It is of course interesting to speculate where these original two degrees came from. The Edinburgh House MS (1696) was, we know, an old document from the Court of Session, Edinburgh, found in 1808; the Chetwode Crawley (c. 1700) was discovered around 1900 in Ireland; while the Kevan MS (c. 1714) was discovered in 1954, in Scotland.
Looking through The Early Masonic Exposures, it seems likely that the earliest catechisms derive from Scotland, and slowly filtered through the rest of Britain.
There is a school of thought which suggests that there is a shortage of early English catechisms because they were committed to memory. This is totally illogical; such a system would have meant a great deal of change over the years because of the vagaries of human memory - whereas the amazing thing about the early catechisms mentioned above, is that so much still fits into our current ritual. This could only be achieved by writing the ritual down.
Enter a Third
Serious historians also agree that the third degree was devised or introduced around 1725. It was certainly established by 1730, because it was published in Pritchard's Masonry Dissected on that date, and became the unofficial ritual book of freemasons for decades. This is also virtually the first mention we have of the Hiramic legend. However the storyline itself is mirrored in non-masonic legends down the ages. It's hardly original. But who developed this third degree, how, and why?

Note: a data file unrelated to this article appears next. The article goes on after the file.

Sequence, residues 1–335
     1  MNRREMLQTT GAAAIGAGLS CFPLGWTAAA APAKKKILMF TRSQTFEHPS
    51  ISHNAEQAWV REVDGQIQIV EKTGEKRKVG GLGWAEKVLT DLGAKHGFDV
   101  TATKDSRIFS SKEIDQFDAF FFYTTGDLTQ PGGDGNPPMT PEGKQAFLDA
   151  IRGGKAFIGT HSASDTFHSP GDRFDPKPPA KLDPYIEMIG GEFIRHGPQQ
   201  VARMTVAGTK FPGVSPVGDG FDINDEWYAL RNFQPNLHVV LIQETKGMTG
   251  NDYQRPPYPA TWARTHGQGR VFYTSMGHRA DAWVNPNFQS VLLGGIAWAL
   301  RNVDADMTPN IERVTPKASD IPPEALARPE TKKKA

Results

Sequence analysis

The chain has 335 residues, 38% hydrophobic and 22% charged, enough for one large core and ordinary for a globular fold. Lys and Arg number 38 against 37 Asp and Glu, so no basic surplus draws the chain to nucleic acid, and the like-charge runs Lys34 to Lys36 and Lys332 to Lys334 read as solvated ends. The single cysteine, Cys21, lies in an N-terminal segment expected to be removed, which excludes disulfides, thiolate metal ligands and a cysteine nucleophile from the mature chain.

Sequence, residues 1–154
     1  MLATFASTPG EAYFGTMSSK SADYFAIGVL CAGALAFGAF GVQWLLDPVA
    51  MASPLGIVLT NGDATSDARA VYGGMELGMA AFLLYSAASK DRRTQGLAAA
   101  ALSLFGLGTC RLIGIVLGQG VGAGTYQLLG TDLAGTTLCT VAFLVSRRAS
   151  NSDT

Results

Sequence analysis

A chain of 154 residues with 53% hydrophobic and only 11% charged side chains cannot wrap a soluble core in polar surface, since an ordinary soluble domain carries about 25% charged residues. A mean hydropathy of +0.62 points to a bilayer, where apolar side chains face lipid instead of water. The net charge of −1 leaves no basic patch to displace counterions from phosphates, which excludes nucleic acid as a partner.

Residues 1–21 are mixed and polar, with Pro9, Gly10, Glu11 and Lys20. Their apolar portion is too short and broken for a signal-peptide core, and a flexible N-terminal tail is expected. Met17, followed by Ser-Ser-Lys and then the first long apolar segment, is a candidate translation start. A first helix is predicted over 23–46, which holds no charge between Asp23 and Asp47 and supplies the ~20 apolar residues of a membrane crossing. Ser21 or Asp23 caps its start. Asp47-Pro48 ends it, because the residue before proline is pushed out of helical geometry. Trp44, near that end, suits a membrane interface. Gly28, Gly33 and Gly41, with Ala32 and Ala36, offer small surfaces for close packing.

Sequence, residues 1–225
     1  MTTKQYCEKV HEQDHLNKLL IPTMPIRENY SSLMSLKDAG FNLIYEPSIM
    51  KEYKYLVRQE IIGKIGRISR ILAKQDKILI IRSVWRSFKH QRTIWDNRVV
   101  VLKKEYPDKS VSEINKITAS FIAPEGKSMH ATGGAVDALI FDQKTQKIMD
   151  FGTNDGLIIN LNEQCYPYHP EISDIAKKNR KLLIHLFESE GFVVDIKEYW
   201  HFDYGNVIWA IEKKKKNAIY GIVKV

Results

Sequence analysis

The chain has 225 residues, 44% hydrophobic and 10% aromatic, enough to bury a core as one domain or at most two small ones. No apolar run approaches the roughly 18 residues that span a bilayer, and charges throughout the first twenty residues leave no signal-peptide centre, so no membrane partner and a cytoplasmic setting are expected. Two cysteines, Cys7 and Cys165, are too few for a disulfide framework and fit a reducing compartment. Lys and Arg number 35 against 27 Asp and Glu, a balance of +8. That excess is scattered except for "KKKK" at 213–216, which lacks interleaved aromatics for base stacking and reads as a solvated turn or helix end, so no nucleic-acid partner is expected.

The noted Scottish masonic historian Murray Lyon (died 1903), described Desaguliers as the "co-fabricator and pioneer of the system of symbolical masonry." He had a point. Certainly Desaguliers was just about the most influential mason of the period, being Grand Master in 1719, and Deputy Grand Master in 1722 and 1726. This was the period in which the third degree was introduced into the ceremony of the premier Grand Lodge - and logic tells us that Desaguliers, and his masonic friends in the Royal Society, just had to be responsible. Certainly, nothing could have been introduced without their approval.